It has resulted in many stories of agency doctors being paid to do GP work out of hours while GPs pocket the savings. There have been complaints that agency doctors were overstretched, that some of them had difficulties with the language, if not also with the practice of medicine itself. What is certain is that some GPs may be grossing over £250,000 annually when many consultants, even with their private practice in London, do not approach that. That in itself would not matter if the service improved. But unexpected effects suggest otherwise.

For example, some of the smaller agencies may not hold a licence to stock drugs like diamorphine, because the licences would cost the agencies money and eat into their profits. Consequently, when one of such an agency’s doctors is consulted by a patient who needs diamorphine, a prescription would be issued. The relatives of the patient, often one with a terminal illness, would have to rush out at some strange hour to find a pharmacy that stocks the drug. These, particularly out of hours, might be few and far between and the relatives, not to mention the patient, would have to put up with this added distress and delay. To try and counteract this, general practitioners might choose to issue prescriptions for diamorphine before it is actually needed, so that it is bought and kept available, just in case. This would result in more dangerous drugs milling around, contrary to all stated aims.

These putative examples are from countries with a tradition of proven excellence and strict quality control. I dread to contemplate what might happen elsewhere. 

It is a lie to say that a public health service is free. It is paid for by the collected taxes.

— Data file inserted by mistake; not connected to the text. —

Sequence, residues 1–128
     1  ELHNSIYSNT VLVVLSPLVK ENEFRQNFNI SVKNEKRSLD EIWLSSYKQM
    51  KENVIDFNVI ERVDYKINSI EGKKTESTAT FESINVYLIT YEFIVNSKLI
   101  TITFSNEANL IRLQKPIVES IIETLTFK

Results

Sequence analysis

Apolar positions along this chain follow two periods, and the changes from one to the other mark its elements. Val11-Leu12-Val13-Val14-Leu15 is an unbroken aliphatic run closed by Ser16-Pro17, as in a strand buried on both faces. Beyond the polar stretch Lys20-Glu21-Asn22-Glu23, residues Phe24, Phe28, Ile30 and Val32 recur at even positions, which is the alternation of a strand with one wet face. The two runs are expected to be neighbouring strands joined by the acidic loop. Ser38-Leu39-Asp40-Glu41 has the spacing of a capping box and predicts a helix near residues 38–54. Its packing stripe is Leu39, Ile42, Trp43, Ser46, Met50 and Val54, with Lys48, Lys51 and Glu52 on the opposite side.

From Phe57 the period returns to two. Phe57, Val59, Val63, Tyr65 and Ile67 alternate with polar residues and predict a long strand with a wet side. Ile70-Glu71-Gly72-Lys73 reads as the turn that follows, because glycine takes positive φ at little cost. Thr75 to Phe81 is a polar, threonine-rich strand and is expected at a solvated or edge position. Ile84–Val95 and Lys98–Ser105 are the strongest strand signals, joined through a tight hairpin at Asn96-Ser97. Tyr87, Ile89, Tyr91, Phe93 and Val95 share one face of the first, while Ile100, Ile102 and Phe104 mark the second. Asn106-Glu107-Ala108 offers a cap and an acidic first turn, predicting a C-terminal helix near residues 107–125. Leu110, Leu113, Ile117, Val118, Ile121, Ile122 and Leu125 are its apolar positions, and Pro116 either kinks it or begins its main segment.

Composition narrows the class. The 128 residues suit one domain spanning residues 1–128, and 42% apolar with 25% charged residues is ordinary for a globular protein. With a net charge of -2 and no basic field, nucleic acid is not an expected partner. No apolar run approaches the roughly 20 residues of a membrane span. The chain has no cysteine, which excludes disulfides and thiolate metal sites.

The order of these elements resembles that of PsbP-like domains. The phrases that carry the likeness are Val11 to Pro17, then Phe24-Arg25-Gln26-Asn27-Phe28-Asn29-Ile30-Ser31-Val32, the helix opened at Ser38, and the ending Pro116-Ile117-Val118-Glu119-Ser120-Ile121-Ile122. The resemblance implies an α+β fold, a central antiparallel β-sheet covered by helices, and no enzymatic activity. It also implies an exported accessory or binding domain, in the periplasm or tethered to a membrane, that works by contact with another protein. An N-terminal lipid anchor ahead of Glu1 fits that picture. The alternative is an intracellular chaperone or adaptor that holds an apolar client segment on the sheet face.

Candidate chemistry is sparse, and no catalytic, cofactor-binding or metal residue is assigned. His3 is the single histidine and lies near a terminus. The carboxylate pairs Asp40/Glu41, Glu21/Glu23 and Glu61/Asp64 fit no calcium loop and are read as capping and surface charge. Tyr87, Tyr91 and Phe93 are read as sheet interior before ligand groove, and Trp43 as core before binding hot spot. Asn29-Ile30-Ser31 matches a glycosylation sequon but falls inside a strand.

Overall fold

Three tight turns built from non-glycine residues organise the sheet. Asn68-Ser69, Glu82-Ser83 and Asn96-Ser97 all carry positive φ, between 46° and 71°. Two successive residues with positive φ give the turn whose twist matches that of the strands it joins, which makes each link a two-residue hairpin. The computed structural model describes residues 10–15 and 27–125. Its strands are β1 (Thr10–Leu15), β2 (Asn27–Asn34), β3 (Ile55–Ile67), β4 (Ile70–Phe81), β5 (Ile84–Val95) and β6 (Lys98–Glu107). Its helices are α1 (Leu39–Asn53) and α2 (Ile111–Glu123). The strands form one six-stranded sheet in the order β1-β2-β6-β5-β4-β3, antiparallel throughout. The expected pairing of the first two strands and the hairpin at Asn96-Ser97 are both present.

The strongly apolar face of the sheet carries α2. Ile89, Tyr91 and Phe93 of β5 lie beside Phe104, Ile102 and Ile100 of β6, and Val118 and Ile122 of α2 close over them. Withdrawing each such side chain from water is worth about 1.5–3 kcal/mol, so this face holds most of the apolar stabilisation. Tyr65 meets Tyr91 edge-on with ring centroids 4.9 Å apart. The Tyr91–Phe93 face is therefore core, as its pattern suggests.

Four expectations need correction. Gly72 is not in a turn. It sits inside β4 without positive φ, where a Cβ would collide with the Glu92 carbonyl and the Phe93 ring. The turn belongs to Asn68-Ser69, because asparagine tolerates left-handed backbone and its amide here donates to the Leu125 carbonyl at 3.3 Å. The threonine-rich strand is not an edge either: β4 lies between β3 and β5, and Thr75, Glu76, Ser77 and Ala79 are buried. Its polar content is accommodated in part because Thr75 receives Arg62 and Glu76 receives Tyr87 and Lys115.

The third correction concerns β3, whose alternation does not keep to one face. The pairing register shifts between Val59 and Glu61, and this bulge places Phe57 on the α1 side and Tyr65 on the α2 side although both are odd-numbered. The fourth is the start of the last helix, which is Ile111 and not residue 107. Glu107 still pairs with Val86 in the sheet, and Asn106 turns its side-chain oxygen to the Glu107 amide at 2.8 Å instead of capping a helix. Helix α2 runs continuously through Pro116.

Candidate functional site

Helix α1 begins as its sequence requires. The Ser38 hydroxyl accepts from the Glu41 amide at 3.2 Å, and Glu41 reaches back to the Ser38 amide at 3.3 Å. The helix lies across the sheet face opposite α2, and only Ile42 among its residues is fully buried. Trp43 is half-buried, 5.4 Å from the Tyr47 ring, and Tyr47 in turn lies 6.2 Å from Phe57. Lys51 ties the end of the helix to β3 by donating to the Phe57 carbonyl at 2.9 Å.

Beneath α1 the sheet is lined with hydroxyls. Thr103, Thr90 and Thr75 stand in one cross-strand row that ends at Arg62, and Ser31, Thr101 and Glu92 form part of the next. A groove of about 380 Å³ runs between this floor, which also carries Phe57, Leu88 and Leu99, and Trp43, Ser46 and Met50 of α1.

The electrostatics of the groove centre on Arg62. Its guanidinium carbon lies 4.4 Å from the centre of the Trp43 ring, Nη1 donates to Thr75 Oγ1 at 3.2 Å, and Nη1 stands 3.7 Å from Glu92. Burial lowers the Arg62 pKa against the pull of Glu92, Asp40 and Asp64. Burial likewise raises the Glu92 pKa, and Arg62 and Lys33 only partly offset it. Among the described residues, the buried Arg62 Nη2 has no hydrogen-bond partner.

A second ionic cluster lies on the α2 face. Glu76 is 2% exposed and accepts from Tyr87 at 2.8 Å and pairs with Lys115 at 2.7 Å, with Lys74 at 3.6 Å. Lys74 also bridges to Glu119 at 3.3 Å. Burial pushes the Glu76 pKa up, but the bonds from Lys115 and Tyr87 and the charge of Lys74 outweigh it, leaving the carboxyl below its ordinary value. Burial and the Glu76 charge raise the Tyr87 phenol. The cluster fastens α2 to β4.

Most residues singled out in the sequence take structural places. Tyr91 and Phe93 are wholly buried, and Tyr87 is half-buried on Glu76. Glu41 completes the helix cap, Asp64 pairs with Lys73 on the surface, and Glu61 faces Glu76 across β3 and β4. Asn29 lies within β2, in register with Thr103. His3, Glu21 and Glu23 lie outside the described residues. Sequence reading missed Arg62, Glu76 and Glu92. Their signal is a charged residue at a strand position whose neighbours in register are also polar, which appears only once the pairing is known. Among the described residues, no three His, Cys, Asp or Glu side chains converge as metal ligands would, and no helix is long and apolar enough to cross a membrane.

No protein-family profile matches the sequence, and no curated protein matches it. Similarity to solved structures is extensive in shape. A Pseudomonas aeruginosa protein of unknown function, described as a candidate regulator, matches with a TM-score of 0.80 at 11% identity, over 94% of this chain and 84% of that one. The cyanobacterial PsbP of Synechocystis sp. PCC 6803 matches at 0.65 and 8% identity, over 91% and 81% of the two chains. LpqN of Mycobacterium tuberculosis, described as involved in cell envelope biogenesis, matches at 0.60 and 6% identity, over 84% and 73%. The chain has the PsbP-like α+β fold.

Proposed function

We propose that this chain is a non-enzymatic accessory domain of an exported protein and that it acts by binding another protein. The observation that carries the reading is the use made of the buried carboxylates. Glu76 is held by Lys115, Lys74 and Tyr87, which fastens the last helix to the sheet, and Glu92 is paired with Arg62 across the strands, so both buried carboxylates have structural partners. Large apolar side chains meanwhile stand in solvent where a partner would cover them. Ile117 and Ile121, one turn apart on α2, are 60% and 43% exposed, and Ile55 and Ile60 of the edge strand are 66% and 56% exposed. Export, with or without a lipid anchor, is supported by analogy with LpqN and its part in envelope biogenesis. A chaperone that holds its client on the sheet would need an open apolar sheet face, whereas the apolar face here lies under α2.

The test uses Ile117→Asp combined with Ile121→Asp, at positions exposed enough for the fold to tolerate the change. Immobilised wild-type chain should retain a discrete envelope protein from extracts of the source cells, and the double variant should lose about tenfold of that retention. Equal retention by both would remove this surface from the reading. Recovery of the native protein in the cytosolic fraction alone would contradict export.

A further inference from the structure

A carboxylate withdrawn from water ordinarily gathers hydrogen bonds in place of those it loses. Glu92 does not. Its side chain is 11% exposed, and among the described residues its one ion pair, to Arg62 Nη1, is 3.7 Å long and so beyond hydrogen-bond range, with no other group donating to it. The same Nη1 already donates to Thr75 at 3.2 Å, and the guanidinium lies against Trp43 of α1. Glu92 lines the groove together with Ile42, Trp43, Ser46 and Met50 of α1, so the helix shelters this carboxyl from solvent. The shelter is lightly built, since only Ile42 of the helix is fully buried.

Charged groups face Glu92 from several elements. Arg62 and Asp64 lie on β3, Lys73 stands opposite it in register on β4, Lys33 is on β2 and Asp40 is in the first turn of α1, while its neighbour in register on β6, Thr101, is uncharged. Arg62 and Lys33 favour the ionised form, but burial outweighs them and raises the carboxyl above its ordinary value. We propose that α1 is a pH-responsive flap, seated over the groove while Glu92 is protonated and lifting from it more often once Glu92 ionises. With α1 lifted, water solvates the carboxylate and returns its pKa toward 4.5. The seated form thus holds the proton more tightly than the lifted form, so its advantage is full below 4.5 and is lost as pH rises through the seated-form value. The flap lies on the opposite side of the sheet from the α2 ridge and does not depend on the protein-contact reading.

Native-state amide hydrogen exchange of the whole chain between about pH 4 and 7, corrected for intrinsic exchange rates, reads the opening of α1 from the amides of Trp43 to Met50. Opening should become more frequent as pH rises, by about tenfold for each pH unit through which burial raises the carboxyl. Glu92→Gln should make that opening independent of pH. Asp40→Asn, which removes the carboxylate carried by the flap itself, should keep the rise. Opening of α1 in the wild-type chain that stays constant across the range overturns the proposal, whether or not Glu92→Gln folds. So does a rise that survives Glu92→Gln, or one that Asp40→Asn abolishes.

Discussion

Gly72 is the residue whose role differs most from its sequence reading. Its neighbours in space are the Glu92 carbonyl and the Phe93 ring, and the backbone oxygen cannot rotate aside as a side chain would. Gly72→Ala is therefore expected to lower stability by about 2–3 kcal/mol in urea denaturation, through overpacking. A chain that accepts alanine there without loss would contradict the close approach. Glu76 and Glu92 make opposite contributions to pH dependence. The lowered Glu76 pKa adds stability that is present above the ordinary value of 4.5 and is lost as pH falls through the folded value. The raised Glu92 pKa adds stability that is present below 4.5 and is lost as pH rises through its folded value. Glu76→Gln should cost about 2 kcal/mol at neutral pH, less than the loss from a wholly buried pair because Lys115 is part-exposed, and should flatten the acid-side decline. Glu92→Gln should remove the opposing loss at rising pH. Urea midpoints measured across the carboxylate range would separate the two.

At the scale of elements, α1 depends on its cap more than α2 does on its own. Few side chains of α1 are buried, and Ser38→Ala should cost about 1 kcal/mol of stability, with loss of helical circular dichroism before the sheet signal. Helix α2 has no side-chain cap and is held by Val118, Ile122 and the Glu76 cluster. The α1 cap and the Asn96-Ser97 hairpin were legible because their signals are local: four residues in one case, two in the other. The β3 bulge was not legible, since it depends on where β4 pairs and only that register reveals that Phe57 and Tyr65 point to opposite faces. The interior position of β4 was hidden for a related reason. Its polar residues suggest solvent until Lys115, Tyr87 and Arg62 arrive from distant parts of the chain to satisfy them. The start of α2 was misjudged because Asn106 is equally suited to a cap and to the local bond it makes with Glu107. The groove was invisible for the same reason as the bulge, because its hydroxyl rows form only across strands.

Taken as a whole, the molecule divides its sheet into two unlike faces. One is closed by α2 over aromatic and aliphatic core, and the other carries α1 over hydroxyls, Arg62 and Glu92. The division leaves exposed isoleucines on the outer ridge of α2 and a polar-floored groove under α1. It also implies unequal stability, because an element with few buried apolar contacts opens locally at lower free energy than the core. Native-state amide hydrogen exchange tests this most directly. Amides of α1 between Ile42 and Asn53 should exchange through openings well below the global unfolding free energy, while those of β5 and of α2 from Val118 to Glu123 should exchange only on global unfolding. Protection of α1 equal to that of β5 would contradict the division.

The concept of competition in the delivery of healthcare is insane. This is particularly the case when true competition is virtually inexistent, as in Malta. Auditing is what is needed. The pride of the professional, not to mention the ramifications on a putative private practice sideline, would then ensure the striving for the highest standards possible.

Despite the professed mantra of competition, this is just were it was not introduced; despite the mouse head in the salad. There is an obvious schizophrenic dissociation between what politicians say and what they do. In security and cleaning services the same obtains. Another disaster being assiduously prepared is in the care of the elderly. The farming-off of this service to monopolies or oligo-monopolies, is a disaster in the making, both for the exchequer and those in need of the service.

The prevention of disease most certainly is cheaper, more effective and more caring than its treatment once it is established. 

But what successive governments in Malta have been doing is leeching the life out of the public health service to subsidise the private one. We all read before the last election of very expensive surgical apparatus and instruments being ordered in the public health service and paid for by the public purse, only to be used in the private sector, at times virtually exclusively so. Believe you me, it is worse; this is just the very tip of the iceberg. This is the kind of private public partnership that is most certainly good for the entrepreneur but less convincingly so for the delivery of a good health service to the public.